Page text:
The death of a partner, a parent, or a loved one can be devastating. And if you lose someone you leaned on during your recovery – a sponsor, a mentor, or a friend – you may be reeling with raw emotions and unanswered questions.
Grieving is one of life's most difficult experiences. And grieving while in recovery has its own unique challenges. In the past, you may have used substances to deal with stressful situations. If you're sober now, you might be struggling to resist your old coping mechanisms. Take comfort in knowing there are ways to navigate this difficult time.
We live in a society that values positivity so we often feel shame for experiencing sadness or “not moving on quickly enough.” And this leads to more suffering.
Text your friends, call a family member or reach out to your sponsor. If it feels right, you can tell them you're worried grief might push you to use again.
Here’s one strategy you may want to try: ask a loved one if you can text or call them whenever you get the urge to use. Doing this will allow you to acknowledge and confront what you’re feeling. This can take the power out of your cravings and it’ll give a loved one the opportunity to support you.
When you see how deeply others respect and care for you, you can move through grief at your own pace and experience the full depth of your emotions. This will help you heal.
During this emotionally turbulent time, support meetings can provide a safe space to discuss your grief and the challenges you’re facing. Chances are, other people who attend recovery meetings have been through a similar experience. They can walk with you through the darkness and provide comfort and advice.
Speak to a therapist or counselor who specializes in addiction recovery and grief counseling. These professionals can help you untangle difficult emotions and make sure you’re staying on track in your recovery. They can also provide you with coping mechanisms and strategies to help you navigate this difficult time.
Finding a therapist can feel daunting. We recommend using Psychology Today to find one that fits your unique needs.
Stick to your daily routine as much as possible. This means trying to eat well, exercise, and get enough sleep.
When you're in the midst of grief, doing these simple things can feel enormous and exhausting. Remember that the person you lost would want you to take care of yourself, just as you would want them to take care of themselves if the situation were reversed.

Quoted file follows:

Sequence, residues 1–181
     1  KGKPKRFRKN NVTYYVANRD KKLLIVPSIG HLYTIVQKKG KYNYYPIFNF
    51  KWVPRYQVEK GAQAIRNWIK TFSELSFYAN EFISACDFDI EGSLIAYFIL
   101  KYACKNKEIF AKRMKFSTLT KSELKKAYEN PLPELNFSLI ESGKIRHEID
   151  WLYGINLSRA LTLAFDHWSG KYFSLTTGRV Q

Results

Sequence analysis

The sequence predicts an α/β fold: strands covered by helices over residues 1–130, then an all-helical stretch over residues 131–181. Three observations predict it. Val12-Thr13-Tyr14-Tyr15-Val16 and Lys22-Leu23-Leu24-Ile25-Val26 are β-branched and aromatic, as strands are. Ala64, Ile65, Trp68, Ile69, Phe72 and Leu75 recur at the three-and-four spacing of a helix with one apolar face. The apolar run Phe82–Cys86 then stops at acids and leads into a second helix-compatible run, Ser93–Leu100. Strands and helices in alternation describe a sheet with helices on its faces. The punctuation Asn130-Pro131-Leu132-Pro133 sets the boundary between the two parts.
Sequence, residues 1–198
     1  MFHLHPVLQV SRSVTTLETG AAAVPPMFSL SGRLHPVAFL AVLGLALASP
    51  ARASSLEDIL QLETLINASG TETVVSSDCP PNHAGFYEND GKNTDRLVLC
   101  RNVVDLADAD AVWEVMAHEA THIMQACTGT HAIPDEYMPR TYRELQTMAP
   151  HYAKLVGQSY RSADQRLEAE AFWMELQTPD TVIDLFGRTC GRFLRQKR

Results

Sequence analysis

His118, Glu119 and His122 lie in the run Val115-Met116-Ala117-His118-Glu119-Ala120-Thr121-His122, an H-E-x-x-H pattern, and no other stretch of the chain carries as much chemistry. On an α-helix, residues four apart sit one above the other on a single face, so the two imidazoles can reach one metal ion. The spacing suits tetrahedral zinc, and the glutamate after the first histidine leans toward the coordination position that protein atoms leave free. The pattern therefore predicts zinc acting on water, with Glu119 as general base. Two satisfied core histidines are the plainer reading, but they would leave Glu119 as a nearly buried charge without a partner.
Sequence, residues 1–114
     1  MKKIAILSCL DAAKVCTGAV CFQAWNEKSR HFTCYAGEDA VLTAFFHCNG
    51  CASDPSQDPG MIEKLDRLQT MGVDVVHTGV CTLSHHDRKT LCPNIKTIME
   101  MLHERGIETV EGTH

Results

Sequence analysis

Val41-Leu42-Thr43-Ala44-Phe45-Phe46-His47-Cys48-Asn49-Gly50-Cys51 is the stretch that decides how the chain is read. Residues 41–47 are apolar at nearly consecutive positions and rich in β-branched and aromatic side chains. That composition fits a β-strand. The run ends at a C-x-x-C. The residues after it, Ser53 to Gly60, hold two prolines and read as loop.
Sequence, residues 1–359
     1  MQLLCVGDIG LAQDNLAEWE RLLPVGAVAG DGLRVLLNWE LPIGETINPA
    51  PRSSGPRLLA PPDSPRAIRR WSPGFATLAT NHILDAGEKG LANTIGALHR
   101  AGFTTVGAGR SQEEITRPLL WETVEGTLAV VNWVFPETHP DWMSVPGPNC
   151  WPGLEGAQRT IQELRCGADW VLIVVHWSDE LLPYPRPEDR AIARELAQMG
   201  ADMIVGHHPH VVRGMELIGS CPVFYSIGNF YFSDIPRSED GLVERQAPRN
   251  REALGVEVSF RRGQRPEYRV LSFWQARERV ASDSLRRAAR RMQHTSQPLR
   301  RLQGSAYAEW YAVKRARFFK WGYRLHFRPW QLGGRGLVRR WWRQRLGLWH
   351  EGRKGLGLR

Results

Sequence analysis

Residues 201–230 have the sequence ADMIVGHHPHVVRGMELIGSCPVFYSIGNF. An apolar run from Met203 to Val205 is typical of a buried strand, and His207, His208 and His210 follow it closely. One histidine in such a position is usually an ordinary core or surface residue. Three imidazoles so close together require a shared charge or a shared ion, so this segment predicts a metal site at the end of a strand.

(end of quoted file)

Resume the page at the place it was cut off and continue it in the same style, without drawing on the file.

Incorporating mindfulness techniques helps some people stay grounded, reduce anxiety, and provide clarity during difficult times. Even meditating for just a few minutes per day can help you calm the storm.
Meditation encourages you to observe wandering thoughts without attaching to them. To do this, close your eyes and focus on your breathing. Deepen each inhale and exhale. Then gradually scan your body and focus on releasing tension.
You can find healthy outlets for your grief by participating in hobbies, interests, or events that you enjoy. Distract your mind in positive ways to avoid dwelling on negative emotions that could trigger a relapse. Remind yourself that there is still good in the world, and it is possible for you to feel joy – even while in the grieving process.
Consider keeping a grief journal to document your thoughts, feelings, and memories of your loved one. Writing can be a therapeutic way of expressing yourself and processing your emotions. This might be a good way to document your feelings and memories of your loved one.
Reflect on how far you’ve come in your recovery journey. Remind yourself of the hard work and dedication you’ve invested in maintaining sobriety, and let that motivate you to stay strong during this difficult time.
Above all, be kind to yourself. Grief is a natural process that everybody will go through at some point. Seek help when needed, and don’t hesitate to ask for support. Surround yourself with positive influences and focus on your recovery goals. With determination, support, and a few healthy coping strategies, you can navigate through grief while staying sober.
Remember, you are stronger than you think.